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Frequently Answered Questions about Wigton Walkers

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What This Page is AboutEdit

There are certain questions that come up repeatedly concerning the Wigton Walker line. It seemed useful to have a specific location to house answers to these questions. An explanation about what the Wigton Walker portion of the Genealogy Wiki is about, also seemed useful, and has been placed here as well.



What This Site is AboutEdit

What we are trying to do with this site is to provide a place where information can be shared between people interested in one or more of the Wigton Walker lineages. More over, that sharing of information is done in an interactive and collaborative framework. That allows a free exchange of information, and allows many different people to contribute to a growing body of knowledge about our ancestors. As one of us has said, we are trying hard not to reinvent the wheel. The emphasis here is on cooperation and collaboration, and making a lasting contribution to our knowledge of this family. No one has to do everything, and everyone who wants, can do something.



Why is it "Wigton Walkers" not "Wigtown Walkers"Edit

Until the middle of the 19th century there were two nearby but separate towns that went by name of Wigton. One was in England in the border area. The other was in Scotland, in what is now called Dumfries-Galloway. The story is told that having two towns in the same general area wrecked havoc with the British postal system, with mail intended for Wigton Scotland, going instead to Wigton England, and vice versa. To end the problem the British renamed the town in Scotland "Wigtown".

We don't know how much of this White was aware. She did, however, clearly identify the town our ancesstors came from as being "Wigton, Scotland". Our ancestors would certainly have known it as "Wigton", and it seems likely that any documentaiton they may have left, and read by White, would have referred to it as "Wigton". We continue to honor that spelling, referring to ourselves, and our ancestors, as "Wigton Walkers".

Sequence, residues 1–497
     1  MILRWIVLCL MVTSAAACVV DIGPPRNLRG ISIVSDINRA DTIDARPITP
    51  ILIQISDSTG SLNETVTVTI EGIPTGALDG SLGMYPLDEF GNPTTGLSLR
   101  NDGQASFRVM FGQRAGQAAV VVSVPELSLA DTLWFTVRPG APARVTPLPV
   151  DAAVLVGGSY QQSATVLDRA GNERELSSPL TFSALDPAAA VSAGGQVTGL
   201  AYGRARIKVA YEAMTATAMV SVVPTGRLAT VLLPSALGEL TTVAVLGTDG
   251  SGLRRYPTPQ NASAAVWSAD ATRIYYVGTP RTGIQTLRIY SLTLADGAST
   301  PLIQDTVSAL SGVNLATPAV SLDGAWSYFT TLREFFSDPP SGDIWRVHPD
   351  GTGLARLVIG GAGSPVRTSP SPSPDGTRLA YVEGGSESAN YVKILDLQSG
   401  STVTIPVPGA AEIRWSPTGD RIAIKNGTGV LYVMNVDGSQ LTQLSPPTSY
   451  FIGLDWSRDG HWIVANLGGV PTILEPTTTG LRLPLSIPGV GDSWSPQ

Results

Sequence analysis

• [Could use a map of Scotland and England showing the two locations. An antique style English map, if one can be found in the public domain, would be a good addition. Some images of Wigton would also be good to insert here.]



Do We Have a Coat of ArmsEdit

In a word, no. There is a good discussion of the COA on Wikipedia, to which the interested reader is invited to turn. Here's a brief excerpt from that article:

  • In some heraldic traditions (such as the Scottish and the English), an individual (rather than a family) possesses a coat of arms. In those traditions, coats of arms were passed from father to son as legal property, and were not used by more than a single individual at the same time (other than the eldest son and his eldest son both of whom would differentiate with a label). Other children in these families would only use a form of their father's arms that were differenced with a change to a colour or addition of a distinguishing charge once they obtained specific approval. In Scotland the Lord Lyon has criminal jurisdiction to enforce the laws of arms. In England use of arms is a matter of civil law. Many other traditions are less restrictive — allowing, for example, all members of a family or dynastic house to use the same arms or may reserve one or more elements to the Head of the House.

The following is one persons interpretation of its significance in American Genealogy. This is placed here more or less as a place holder, until someone knowledgable about the subject chooses to fill in a detailed explanation, and or correct misunderstandings in the following treatment.

First of all, COA's are one of the fun things in genealogy. They are bright, colorful, and make nice decorations. Best of all, in America their are no restrictions on their use (more or less, some COA's are registered trademarks; infringement on a registered trademark is not a good thing.) As a result there are many firms that will be happy to sell you items emblazoned with "your" COA. You will probably find a nice selection of different COA's associated with your surname, and you can probably pick from any of them. However, if you are an American, you probably don't have a COA in the same sense that some in the British Isles, or other world cultures, have a COA. Bottom line, in most cases, COA's are not inherited. Just because you possess the same surname as someone who has the hereditary right to the use of a COA, doesn't mean that you have the "right" to display that COA as your own. That doesn't mean that in American you can't make use of COA, and consider it "your COA". It just means that your use of it probably has no genealogical connotation.